AMAC Exclusive by Andrew Abbott
This Christmas Eve, President Joe Biden will presumably honor one of America’s simplest and most revered traditions. Each year, the president calls a service member from each military branch standing on duty, far from home, wishes them a Merry Christmas, and thanks them for their service. In recent years, the tradition has evolved into presidents video conferencing with entire groups of servicemembers, or even traveling to military bases or warzones. Amid all the politics and partisan bickering, the Commander-in-Chief taking the time to individually call rank and file service members and thank them for sacrificing precious moments with their families to stand watch for America’s safety has become one of the great Christmas traditions in our country.
That tradition began in late November 1984. President Ronald Reagan had just won Forty-Nine out of Fifty states in one of the most sweeping presidential victories in American history. Nevertheless, the campaign had been a brutal and bruising fight that made the holiday season a welcome respite for Reagan and his administration. To that end, White House Chief Speechwriter Anthony Dolan and White House Military Office Director Edward Hickey were both relishing the thought of repose and relaxation in the coming weeks.
Somewhere in discussing their holiday plans, they caught themselves ruminating on those serving overseas during the holidays. The men, both of whom had served in the military, knew the unnoticed burdens shouldered and unsung heroism exhibited daily by our service members. It was then that Dolan mused, “What if the President gives a member of each service a call?” He would not call a senior officer or release a generic appreciation video. Instead, Dolan wondered, what if he specifically spoke to a Soldier, Sailor, Marine, Airman, and Coastguardsman currently standing a post overseas and away from their families? Hickey pounced on the idea.
While Dolan and Hickey were discussing it, they both realized that the White House bureaucracy often slowed things down. Every federal employee, from presidents to postal workers to peacekeepers, knows full well the glacial speed at which the federal administrative process often moves. Not even the White House is immune from the morass of red tape that bedevils bureaucracy.
Yet Hickey, a career public servant, wasn’t just concerned about tedious paperwork slowing this idea down. In the post-Vietnam era, any statement or action that celebrated the American military was suspect at best, and political suicide at worst. The “consultant class” of Washington D.C. cautioned legislators that being seen as too “pro-military” was terrible optics. There were even a few aides and advisors who thought it was bad for the president’s image. Reagan felt differently.
To remedy this, they didn’t exactly go around the staffing process (Dolan helped Hickey draft a Military Office proposal memo), but instead of simply “sending it up the chain,” Hickey, who had a long-standing relationship with Reagan going back many years, went directly to the president. Reagan, as expected, was gleefully enthusiastic. Dolan said of the conversation, “Reagan was just beaming about the idea and Ed and I laughed later about how unsurprising that was. I mean Reagan and the military on Christmas Eve was perfect.”
Throughout his life, Reagan openly and aggressively defended and celebrated the men and women who risked their lives to defend this nation. On the campaign trail in August of 1980, he addressed the Veterans of Foreign Wars Convention in Chicago. In the days leading up to the speech, his consultants constantly attempted to stop the presidential candidate from calling the Vietnam War a “noble cause.” Every time they removed it, Reagan added it back in.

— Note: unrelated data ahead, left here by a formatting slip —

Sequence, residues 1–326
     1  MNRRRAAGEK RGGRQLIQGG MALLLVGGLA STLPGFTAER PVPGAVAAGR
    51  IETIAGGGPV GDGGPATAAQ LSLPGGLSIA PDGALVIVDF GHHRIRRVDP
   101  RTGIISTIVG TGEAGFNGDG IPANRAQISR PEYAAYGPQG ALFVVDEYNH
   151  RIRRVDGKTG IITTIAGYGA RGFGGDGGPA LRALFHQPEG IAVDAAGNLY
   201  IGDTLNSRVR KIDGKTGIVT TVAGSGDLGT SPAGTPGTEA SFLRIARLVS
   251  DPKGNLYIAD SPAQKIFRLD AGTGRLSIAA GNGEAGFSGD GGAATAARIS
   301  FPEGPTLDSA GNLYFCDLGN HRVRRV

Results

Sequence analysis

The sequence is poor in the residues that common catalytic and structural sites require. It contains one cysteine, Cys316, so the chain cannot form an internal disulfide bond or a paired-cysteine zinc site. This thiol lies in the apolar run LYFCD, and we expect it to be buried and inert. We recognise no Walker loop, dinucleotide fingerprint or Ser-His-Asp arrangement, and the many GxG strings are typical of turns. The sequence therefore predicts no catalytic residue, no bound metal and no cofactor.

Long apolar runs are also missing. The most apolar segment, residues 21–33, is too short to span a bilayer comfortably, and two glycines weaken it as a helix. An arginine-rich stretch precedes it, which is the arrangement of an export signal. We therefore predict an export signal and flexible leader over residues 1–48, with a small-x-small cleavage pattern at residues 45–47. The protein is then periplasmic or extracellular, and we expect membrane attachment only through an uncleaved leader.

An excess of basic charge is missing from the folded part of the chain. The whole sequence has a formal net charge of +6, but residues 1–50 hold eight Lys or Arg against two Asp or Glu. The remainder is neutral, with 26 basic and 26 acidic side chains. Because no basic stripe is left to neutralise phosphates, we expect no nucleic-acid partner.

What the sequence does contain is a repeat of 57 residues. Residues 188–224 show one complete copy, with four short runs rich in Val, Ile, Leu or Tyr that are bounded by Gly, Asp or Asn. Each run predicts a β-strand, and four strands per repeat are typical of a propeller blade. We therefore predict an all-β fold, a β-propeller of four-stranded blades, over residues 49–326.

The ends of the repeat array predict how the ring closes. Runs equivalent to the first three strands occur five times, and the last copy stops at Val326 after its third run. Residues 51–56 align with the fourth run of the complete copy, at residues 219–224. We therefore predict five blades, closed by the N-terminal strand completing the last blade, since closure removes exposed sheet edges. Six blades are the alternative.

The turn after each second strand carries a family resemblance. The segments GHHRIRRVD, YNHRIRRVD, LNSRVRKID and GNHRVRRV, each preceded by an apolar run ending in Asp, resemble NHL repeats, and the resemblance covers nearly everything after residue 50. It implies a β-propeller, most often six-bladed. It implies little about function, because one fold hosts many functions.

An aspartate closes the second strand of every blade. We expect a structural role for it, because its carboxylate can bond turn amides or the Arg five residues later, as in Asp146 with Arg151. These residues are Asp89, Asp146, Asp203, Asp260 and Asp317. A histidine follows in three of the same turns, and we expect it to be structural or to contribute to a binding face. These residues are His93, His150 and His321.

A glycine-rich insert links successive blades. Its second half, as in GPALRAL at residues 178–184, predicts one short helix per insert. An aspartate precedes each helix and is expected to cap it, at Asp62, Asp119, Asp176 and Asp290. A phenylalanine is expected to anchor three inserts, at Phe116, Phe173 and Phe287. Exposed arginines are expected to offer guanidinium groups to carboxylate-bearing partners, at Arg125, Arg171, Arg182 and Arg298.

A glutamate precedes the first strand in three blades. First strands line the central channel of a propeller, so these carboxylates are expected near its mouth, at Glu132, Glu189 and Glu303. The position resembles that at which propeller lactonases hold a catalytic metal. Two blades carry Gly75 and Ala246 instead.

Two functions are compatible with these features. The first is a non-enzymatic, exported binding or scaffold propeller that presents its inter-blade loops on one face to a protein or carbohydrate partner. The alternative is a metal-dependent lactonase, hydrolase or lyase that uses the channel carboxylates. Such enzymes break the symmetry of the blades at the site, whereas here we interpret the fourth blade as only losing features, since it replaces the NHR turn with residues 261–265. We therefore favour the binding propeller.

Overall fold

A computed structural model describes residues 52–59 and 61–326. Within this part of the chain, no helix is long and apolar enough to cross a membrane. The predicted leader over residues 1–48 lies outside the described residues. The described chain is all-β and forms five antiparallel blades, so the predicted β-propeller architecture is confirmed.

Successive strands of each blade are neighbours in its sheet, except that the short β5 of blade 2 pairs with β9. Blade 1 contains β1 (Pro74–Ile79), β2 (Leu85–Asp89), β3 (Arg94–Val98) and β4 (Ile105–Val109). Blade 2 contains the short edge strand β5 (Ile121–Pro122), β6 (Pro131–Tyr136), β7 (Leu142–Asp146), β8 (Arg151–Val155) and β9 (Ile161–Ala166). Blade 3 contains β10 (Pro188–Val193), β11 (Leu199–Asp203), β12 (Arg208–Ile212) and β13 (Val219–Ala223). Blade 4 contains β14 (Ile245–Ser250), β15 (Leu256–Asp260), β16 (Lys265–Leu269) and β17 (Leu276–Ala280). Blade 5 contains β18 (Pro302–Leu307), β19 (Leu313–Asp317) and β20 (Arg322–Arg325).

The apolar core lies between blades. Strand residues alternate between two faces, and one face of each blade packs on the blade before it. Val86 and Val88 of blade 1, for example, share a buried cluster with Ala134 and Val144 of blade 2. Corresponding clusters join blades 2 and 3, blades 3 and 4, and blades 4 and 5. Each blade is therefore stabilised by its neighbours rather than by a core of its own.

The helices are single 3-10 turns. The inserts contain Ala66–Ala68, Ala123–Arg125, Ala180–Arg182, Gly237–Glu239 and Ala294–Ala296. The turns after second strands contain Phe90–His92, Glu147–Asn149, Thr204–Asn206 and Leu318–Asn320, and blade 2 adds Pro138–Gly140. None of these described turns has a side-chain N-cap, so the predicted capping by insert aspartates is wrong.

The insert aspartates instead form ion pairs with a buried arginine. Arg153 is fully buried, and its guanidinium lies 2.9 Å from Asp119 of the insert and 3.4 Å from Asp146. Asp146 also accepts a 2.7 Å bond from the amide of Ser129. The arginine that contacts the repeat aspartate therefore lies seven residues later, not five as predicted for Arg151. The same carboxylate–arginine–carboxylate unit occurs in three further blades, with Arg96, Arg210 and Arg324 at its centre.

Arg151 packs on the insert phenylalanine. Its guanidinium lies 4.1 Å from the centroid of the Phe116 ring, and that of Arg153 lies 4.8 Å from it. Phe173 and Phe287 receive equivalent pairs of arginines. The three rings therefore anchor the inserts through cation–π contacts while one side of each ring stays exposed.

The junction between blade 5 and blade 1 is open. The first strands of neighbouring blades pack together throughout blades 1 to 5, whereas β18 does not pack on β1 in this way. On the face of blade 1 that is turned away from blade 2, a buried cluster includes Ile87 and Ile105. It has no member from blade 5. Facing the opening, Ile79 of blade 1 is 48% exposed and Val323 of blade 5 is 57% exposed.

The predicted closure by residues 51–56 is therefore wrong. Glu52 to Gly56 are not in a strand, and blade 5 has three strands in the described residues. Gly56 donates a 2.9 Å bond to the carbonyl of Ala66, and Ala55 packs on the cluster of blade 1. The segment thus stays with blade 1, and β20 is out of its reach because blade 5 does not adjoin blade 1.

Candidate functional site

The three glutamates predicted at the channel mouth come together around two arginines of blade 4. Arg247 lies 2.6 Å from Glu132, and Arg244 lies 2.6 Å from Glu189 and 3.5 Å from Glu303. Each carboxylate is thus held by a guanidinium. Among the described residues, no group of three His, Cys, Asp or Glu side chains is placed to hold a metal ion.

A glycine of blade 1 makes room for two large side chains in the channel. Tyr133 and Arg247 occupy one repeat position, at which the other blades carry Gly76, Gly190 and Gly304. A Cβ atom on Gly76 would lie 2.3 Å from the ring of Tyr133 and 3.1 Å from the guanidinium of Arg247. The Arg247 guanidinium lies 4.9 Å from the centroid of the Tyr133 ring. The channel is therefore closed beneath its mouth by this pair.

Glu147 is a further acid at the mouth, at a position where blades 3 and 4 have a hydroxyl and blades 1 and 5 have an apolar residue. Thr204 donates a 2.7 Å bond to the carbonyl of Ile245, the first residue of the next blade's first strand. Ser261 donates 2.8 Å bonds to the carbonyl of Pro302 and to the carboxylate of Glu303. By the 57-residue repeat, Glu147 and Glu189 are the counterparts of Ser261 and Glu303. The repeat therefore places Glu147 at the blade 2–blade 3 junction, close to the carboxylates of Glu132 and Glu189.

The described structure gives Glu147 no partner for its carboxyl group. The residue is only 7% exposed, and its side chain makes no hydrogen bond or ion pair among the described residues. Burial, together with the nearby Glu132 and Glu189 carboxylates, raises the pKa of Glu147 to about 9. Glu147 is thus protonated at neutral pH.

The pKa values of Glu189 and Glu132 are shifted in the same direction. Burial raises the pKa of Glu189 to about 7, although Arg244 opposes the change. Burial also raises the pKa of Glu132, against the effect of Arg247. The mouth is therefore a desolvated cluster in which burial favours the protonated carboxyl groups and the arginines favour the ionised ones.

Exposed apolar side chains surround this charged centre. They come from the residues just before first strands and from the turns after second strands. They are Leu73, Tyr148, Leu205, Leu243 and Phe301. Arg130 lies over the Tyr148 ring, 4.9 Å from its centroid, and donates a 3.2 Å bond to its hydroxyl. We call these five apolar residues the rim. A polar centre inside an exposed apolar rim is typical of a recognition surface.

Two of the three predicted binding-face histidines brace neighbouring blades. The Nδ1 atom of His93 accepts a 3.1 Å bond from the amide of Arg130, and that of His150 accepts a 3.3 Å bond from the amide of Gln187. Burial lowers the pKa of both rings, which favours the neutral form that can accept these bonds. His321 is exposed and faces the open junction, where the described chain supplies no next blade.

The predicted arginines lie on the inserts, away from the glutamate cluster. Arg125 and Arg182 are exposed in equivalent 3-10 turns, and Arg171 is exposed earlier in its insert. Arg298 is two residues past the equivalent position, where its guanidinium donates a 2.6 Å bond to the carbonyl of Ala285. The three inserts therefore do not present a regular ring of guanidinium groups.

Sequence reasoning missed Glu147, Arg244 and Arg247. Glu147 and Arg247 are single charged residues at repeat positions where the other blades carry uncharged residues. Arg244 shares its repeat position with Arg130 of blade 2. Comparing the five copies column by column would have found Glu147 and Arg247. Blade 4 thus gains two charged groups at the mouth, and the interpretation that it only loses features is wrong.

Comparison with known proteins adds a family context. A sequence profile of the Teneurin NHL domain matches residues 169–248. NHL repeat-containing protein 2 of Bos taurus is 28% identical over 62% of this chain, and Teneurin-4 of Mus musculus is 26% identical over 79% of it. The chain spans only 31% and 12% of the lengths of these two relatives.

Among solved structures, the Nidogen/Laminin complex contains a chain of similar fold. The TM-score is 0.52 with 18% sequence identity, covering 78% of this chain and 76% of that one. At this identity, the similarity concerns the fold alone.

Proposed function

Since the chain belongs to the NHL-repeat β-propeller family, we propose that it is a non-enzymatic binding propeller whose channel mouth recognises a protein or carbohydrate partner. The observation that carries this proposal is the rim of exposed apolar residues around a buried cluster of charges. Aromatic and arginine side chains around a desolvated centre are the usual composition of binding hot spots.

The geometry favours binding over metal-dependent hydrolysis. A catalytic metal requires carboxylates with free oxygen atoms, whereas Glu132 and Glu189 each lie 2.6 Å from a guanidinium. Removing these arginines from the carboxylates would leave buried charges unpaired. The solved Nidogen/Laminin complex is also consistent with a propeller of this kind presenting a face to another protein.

When the day came, then-candidate Reagan stood by his words and said our veterans “deserve our gratitude, our respect, and our continuing concern.” The message touched millions of Americans whose sacrifice during the war was treated as a mark of shame by other politicians. Dolan said this act showed that “something about Reagan made military families react to him.”
His affirmation of our military didn’t end on the campaign trail, though. He was the first president in the modern era to return the salute of military personnel, another tradition carried on by subsequent presidents when boarding the presidential plane or helicopter. He was also the first President to speak at the D-Day memorial in Normandy on June 6th. And on Christmas Eve 1984, following Hickey and Dolan’s suggestion, he called five service members on duty abroad, and then he called their parents. To Dolan, this was a seminal moment for American morale: “What a break this was from the post-Vietnam world,” he said.
Every president since has honored this tradition (although most now do video calls with overseas units selected by the White House Military Office). In 2021, the true gravity of this act is doubly essential. Following the surrender in Afghanistan, reports of wokeness infecting every level of the military, and now military personnel being discharged over unconstitutional vaccine mandates, the morale of the United States Armed Forces is of grave concern. The President individually thanking our troops on Christmas Eve or Christmas Day is about more than the conversation. It was, and is, an affirmation from the highest levels of American leadership that, no matter how bureaucrats or politicians may fail them, the Soldiers, Sailors, Marines, Airmen, Coastguardsmen, and now Guardians who defend our nation are heroes. Now, just as was the case in 1984, that message is sorely needed.
Andrew Abbott is the pen name of a writer and public affairs consultant with over a decade of experience in DC at the intersection of politics and culture.
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